I cannot believe that summer is almost over already! Do you know what that means? That means our children will be headed back to school shortly, even if it is only virtually in the beginning. As their parents, we need to do all that we can to make their return to school as normal as possible.
What can we do to make this crazy time feel normal for our children? Start by establishing a routine again. At the end of every summer, parents everywhere struggle to get their children back on a normal sleep schedule. Start that as soon as possible! Create a "virtual" school space for them. Clear desk or table space that is specifically for them to use for school work. Get them back in the routine of eating a good healthy breakfast before they begin their school day.
Decide on the habits that are most important for your children, and then slowly and gradually implement them. This is one of the big takeaways that I got from James Clear's Atomic Habits, one of the best books that I have read in 2020.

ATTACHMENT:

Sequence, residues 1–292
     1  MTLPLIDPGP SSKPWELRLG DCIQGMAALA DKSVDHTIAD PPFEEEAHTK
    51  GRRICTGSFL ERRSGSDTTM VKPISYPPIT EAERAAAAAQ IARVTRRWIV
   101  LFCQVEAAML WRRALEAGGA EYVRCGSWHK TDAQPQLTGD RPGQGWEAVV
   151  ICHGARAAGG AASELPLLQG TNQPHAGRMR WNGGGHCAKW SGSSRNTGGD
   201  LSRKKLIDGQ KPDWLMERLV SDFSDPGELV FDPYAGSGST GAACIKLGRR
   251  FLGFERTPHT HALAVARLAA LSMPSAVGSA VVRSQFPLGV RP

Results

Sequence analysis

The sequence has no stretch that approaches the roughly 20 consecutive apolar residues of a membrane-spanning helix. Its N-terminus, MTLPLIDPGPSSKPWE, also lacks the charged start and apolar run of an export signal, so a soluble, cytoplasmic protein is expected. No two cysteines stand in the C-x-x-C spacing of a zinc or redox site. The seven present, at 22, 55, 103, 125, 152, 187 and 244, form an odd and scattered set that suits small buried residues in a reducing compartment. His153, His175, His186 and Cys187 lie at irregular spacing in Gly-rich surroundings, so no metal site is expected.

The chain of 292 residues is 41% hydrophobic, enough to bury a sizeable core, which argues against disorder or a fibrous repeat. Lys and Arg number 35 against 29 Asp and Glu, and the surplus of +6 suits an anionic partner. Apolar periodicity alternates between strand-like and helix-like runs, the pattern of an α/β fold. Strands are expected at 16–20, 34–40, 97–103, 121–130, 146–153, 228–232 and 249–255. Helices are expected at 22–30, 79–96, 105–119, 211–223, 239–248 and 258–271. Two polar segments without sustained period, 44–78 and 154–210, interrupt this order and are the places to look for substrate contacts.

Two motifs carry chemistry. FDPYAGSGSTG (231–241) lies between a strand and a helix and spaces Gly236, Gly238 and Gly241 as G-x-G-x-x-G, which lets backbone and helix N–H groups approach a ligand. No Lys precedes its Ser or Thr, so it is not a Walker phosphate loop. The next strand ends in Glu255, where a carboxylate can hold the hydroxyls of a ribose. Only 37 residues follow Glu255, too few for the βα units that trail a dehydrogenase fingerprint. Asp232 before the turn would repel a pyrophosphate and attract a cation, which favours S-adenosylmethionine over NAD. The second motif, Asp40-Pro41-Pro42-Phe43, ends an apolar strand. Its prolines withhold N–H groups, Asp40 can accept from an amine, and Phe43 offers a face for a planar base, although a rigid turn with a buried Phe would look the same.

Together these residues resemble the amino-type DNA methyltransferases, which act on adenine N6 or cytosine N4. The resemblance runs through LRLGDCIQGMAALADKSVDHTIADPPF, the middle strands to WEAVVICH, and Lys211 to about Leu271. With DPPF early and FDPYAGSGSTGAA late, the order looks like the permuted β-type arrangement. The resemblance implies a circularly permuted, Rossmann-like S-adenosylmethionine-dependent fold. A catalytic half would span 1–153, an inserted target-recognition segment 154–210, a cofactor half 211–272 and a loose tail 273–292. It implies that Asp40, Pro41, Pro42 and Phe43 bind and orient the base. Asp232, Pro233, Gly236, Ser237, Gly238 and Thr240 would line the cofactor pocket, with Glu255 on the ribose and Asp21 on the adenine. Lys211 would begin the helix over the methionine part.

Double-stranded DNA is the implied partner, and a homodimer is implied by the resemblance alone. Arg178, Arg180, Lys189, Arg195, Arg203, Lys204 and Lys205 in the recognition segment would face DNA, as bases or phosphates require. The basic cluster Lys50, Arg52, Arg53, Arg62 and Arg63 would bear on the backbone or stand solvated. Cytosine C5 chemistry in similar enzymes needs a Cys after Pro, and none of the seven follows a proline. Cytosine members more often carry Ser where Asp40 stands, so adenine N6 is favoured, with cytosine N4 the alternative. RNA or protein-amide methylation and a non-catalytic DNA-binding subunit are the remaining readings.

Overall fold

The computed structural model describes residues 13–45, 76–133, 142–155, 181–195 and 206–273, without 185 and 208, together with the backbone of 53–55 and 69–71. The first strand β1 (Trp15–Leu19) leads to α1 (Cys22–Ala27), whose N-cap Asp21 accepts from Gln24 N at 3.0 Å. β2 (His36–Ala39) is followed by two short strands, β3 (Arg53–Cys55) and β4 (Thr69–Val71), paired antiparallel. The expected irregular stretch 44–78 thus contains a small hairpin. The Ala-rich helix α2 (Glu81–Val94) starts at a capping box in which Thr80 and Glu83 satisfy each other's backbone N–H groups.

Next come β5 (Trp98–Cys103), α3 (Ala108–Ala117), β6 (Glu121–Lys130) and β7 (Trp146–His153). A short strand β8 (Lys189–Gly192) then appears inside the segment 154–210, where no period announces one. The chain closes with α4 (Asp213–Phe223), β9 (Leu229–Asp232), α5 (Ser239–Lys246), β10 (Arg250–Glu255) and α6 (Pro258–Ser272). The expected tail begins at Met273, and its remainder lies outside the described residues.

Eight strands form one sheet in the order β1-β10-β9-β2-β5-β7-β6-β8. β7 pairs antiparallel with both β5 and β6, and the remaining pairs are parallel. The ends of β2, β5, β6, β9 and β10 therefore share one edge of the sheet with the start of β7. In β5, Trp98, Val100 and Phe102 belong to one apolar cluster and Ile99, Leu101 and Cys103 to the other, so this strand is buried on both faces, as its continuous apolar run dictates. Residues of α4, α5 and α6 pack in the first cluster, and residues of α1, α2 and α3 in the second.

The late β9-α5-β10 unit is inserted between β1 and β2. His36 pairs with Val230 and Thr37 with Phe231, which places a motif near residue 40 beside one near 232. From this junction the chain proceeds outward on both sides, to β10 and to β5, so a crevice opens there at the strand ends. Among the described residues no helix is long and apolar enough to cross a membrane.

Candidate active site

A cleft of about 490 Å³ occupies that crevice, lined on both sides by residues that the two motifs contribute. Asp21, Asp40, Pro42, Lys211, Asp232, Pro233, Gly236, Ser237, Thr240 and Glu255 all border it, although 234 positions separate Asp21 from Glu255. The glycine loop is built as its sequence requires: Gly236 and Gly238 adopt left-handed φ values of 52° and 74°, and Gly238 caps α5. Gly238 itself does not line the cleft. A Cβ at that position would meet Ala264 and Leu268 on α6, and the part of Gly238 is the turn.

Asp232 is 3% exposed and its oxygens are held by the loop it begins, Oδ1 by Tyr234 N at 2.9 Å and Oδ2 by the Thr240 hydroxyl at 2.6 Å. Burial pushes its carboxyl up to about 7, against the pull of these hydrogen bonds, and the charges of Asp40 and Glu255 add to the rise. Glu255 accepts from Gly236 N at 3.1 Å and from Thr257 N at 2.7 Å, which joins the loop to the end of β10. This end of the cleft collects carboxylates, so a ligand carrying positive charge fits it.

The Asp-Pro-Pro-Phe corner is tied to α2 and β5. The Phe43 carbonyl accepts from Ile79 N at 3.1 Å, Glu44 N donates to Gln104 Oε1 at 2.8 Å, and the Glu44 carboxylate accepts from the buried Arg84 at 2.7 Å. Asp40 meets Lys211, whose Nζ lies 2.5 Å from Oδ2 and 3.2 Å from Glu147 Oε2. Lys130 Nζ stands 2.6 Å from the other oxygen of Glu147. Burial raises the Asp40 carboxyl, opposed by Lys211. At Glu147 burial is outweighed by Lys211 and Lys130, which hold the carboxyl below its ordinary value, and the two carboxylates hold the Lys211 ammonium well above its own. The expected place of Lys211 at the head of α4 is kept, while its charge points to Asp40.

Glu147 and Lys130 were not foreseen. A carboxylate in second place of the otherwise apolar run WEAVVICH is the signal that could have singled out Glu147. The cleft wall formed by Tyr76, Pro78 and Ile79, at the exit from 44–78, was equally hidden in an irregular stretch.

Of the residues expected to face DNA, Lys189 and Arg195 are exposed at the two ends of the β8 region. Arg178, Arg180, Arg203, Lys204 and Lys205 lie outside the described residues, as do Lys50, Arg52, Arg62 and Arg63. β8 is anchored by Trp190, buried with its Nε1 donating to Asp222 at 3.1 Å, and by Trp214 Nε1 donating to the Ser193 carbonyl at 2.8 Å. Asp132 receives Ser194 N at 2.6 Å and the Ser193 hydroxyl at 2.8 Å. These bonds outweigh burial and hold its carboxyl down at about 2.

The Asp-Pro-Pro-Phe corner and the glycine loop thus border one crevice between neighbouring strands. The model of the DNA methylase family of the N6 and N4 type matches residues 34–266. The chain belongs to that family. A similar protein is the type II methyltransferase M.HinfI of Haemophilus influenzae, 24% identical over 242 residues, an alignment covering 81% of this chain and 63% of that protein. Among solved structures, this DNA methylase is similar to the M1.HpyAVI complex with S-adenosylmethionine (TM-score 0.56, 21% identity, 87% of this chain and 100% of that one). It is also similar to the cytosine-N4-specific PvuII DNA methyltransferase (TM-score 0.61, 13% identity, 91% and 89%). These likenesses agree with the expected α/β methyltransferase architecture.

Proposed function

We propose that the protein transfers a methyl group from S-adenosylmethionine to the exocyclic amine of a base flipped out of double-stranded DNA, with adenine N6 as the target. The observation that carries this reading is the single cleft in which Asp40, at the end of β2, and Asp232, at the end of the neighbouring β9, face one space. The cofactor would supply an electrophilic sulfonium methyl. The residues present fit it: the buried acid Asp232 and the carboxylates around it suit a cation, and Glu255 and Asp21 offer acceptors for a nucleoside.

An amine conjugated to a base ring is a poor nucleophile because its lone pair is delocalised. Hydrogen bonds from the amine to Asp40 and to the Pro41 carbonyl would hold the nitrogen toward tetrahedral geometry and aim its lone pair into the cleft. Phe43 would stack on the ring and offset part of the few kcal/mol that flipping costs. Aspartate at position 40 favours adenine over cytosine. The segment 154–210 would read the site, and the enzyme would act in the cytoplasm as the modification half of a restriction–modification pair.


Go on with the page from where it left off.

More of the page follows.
Now that we have talked about our children's habits, let's talk about one of ours. Let's talk about the conversations that we have with our kids at the end of their day. It is very easy to fall back on a scripted question when talking with our kids about their days. For years, I have always asked my kids, "What did you learn today?" As a matter of fact, I usually ask all of the patients who are students the same question... After reading the Daily Dad email from earlier this week I am going to change the question that I am asking. In the email, Ryan Holiday told the story of Arthur Sackler. Rather than asking the traditional questions that most parents ask, Sackler's mother instead asked him "Did you ask a good question today?"
That subtle shift in the phrasing of that question is very important. Shifting the focus of the question encourages the child to continue to ask questions. To continue to be curious. Curiosity leads to learning, and learning leads to knowledge.
It is our job, as parents, to do all that we can to prepare our children for this crazy world. This is just one little shift that we can make that may have a profound impact on them. There are countless other shifts that we can make that we may not even be aware of!
Ask the questions that matter!
Movement is my medicine,